Infrastructure as Code
If we want to publish an HTTP-based RESTful API service, we need the service to prepare the following infrastructure:
- Deployable machines
- Machine IP address and network configurations
- Hardware monitoring service of the device, such as GPU and memory
- SLB (Load Balancer)
- AutoScaling (automatic scaling of services)
- Splunk for log collection
- NewRelic for performance monitoring
- Sentry.io and PagerDuty warning
We hope to templatize and automate the establishment and configurations of the infrastructure. We describe the infrastructure using code while DevOps provides tools to templatize the descriptions of infrastructure.
- Deploy using AWS cloud servers
- Describe and create resources using AWS CloudFormation
- Perform source control on the resource operation script
Hereunder is an enumeration of the foundation principles associated with the above practices:
- The need to make the descriptions and operations on the resources within the Git.
- The need to adopt same deployment procedures for all the environments.
- The SSH and other manual operations on resources can only be used for environment testing and some debugging.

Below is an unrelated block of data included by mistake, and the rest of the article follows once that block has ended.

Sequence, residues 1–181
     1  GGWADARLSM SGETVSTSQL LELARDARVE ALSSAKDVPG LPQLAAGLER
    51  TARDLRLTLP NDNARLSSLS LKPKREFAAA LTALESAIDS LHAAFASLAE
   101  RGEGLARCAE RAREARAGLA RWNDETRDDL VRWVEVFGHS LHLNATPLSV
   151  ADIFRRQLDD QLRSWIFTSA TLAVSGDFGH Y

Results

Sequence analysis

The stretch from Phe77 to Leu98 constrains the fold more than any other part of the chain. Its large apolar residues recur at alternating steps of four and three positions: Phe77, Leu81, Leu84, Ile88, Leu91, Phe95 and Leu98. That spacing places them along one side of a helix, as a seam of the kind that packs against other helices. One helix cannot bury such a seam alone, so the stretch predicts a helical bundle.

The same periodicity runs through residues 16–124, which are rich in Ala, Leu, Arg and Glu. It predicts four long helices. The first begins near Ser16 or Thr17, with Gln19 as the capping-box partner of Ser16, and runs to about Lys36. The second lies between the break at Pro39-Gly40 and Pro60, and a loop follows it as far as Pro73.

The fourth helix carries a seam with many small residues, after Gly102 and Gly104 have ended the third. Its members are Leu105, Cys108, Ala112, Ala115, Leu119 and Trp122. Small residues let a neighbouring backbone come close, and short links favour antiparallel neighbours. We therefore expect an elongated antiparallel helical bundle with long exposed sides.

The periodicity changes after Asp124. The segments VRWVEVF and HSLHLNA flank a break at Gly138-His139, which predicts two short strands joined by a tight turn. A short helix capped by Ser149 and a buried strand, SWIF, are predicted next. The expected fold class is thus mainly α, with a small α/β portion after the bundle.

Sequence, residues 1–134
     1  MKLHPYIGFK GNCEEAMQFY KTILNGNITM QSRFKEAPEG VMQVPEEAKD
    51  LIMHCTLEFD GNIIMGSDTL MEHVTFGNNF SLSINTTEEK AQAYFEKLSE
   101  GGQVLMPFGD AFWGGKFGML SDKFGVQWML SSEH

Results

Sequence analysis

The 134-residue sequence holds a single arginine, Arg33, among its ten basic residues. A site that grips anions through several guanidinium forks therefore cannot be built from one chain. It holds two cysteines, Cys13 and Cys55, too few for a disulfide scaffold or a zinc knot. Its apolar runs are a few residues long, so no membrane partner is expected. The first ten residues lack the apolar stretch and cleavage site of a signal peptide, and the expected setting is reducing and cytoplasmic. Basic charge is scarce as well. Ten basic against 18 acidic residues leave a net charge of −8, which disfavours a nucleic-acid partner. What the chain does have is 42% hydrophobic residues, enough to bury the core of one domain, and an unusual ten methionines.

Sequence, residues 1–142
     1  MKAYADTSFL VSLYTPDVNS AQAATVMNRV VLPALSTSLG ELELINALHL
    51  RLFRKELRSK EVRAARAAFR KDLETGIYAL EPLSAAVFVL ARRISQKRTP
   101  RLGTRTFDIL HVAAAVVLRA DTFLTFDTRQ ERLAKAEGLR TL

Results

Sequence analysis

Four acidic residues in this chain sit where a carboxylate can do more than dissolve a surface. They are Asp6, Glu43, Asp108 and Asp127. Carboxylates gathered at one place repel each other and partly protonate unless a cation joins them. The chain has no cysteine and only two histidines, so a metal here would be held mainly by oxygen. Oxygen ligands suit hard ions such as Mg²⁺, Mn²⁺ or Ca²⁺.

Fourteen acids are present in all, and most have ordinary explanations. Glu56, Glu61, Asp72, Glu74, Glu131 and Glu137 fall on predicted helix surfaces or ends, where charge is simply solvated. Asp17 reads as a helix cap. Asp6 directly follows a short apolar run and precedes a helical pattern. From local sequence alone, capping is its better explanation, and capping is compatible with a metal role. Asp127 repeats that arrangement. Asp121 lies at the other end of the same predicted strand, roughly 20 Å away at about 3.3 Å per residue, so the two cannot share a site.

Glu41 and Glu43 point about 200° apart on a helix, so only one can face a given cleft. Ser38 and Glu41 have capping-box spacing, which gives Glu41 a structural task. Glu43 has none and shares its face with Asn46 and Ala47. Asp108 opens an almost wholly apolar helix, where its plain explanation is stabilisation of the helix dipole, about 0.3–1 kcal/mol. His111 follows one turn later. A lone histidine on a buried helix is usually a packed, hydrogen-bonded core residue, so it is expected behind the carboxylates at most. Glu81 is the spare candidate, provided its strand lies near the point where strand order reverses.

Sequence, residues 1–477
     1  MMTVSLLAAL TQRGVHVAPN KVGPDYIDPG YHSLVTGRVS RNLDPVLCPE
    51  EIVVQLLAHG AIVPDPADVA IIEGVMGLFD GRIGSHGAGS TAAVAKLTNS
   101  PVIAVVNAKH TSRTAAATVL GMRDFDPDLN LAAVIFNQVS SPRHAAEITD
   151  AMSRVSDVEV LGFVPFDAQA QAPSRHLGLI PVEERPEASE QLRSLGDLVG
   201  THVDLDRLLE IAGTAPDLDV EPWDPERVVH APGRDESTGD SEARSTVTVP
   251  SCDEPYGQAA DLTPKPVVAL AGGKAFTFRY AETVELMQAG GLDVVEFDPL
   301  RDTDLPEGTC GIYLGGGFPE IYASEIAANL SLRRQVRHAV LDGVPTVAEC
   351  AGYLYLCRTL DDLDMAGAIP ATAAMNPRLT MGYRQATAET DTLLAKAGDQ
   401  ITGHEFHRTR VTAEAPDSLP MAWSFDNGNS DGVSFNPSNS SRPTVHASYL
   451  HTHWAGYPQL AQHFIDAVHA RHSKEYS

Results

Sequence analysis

Share build script
We can categorize the CD pipeline into three steps after building them for multiple services. These are:
- Run the test
- Build and publish the docker image
Extract the shell scripts for these three steps respectively:
- deploy <test|prod>
Further, create a git repository for the above scripts and reference the repository into various projects through the git sub-module method.
What Next after CD?
Let the CD pipeline provide services to the working procedure for the team.
We have built the CD pipeline and now we need to make it play its power in the agile development process of the team. Let us go through its process.
- The team’s primary categories include Business Analyst (BA), Developer (Dev) and Tech Lead (TL)
- BA is responsible for business analysis, and creating stories on the story wall
- Dev is responsible for development, QA and O&M (a cross-function team)
- Tech Lead is responsible for technology
- Dev takes the card from the backlog for analysis. Post analysis, he kicks off the project together with the BA and TL and identifies the demand and technical implementation.
- Subsequently, Dev creates the pull request (PR) in the repository to start the work. Every git push on the PR will trigger the pipeline of the PR. At this time, the CI machine will only run the unit and integration testing.